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Dukkah

Dukkah, Dry Dip

Hot Day Lunch

The excuse to get together was to take pictures of food. Food like the Egyptian dip called Dukkah.

It has all the flavor of a dip, concentrated so a bland thing like a chip or cracker compliments and carries it, but Dukkah is dry. No gooey skin to form while it sits out at the party, and it stores well as a leftover. It’s as easy as putting out chex mix only it tastes fresh and crunchy, and has a smell that’s the best part of a taco seasoning package.

Michele made the dip, some grilled asparagus (she’d picked it while running on a trail near her house in Boulder) and a hollandaise and a lemony mayonnaise to go with it. Beth took the photographs and I … did the talking.

DukkahDukkah, Dry Dip

Adapted from Claudia Roden’s The New Book of Middle Eastern Food

1 cup sesame seeds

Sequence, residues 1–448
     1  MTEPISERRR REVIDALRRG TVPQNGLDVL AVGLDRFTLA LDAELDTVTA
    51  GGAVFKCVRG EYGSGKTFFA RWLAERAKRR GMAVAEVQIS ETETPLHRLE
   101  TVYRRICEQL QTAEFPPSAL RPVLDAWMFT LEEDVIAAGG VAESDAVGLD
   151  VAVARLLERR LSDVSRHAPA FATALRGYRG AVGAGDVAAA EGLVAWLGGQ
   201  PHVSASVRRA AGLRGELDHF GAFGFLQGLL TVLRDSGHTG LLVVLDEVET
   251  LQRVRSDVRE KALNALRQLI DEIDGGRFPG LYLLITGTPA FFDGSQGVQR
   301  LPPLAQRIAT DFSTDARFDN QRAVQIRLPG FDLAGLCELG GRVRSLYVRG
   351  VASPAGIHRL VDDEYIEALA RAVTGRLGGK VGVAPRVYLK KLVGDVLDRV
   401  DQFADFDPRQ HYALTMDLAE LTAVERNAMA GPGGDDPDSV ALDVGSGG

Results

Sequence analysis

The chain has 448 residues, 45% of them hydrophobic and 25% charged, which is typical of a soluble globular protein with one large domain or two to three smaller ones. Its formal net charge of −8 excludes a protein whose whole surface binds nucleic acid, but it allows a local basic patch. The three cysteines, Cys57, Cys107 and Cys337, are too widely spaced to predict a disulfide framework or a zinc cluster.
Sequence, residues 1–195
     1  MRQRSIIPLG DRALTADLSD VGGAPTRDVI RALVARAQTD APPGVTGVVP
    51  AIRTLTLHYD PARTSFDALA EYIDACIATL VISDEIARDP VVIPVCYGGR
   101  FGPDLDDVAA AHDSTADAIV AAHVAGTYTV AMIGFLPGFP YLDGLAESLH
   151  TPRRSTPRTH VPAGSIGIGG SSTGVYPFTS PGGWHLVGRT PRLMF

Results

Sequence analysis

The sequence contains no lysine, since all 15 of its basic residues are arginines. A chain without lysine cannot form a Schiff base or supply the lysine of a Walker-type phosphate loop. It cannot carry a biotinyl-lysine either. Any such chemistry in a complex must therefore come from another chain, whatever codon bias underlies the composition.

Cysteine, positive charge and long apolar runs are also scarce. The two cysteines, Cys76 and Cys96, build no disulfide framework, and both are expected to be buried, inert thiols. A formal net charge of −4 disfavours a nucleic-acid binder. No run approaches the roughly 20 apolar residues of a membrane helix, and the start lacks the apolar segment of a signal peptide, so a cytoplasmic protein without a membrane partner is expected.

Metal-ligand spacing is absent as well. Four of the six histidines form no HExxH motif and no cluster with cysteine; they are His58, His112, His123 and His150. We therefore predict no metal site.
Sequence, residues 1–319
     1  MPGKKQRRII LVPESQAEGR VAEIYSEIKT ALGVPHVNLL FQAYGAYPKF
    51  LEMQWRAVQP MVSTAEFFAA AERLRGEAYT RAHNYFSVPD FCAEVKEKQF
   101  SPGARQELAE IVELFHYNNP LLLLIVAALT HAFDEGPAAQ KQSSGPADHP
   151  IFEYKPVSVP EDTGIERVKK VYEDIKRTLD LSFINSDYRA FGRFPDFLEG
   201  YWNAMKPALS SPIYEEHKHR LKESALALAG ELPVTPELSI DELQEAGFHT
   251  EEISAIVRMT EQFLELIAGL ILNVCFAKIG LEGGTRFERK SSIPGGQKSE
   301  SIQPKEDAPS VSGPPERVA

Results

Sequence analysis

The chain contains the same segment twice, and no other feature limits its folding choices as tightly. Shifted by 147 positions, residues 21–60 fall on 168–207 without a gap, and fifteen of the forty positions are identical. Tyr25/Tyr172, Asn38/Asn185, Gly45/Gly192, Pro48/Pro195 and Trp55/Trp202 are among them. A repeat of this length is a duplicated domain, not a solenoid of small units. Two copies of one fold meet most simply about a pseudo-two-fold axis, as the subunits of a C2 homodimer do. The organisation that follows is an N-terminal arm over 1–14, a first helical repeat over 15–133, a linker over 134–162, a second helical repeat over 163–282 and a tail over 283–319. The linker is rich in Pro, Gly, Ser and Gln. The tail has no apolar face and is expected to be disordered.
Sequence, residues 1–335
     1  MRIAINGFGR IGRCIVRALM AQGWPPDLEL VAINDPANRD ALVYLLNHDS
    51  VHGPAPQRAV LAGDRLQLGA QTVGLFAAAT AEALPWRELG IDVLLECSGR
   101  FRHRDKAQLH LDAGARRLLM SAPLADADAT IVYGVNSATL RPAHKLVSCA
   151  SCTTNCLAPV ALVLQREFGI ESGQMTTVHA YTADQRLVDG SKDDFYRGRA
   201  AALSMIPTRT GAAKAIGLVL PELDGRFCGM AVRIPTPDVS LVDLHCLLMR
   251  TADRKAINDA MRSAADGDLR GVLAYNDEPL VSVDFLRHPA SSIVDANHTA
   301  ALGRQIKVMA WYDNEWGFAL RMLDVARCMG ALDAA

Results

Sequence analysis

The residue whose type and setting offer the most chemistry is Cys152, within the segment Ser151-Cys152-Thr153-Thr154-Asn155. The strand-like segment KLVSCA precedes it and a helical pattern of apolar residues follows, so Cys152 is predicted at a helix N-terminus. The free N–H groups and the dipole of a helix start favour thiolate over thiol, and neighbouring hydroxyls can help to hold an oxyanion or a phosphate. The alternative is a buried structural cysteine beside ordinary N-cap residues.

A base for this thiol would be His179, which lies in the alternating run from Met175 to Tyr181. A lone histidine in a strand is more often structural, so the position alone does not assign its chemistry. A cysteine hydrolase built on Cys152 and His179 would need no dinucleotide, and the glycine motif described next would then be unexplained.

1 3/4 cups coriander seeds
2/3 cup blanched (skinned) hazelnuts
1/2 cup cumin seeds
1/2 tsp salt, or more to taste
1/4 tsp pepper (I like using Aleppo)

Put each nut/seed on a separate tray & roast them separately in a 325 degree oven till they begin to color & give off a slight aroma. Do not let them become too brown, you will need to watch carefully. Put them together in the food processor with the salt & pepper & grind until they are finely crushed but not pulverized. Be careful not to over blend or it will become a paste. You want more of a crushed, dry blend. Add more salt if needed.

Serve with pita bread cut in pieces and very good olive oil. Dip the pita in the oil, then dip into the Dukkah.

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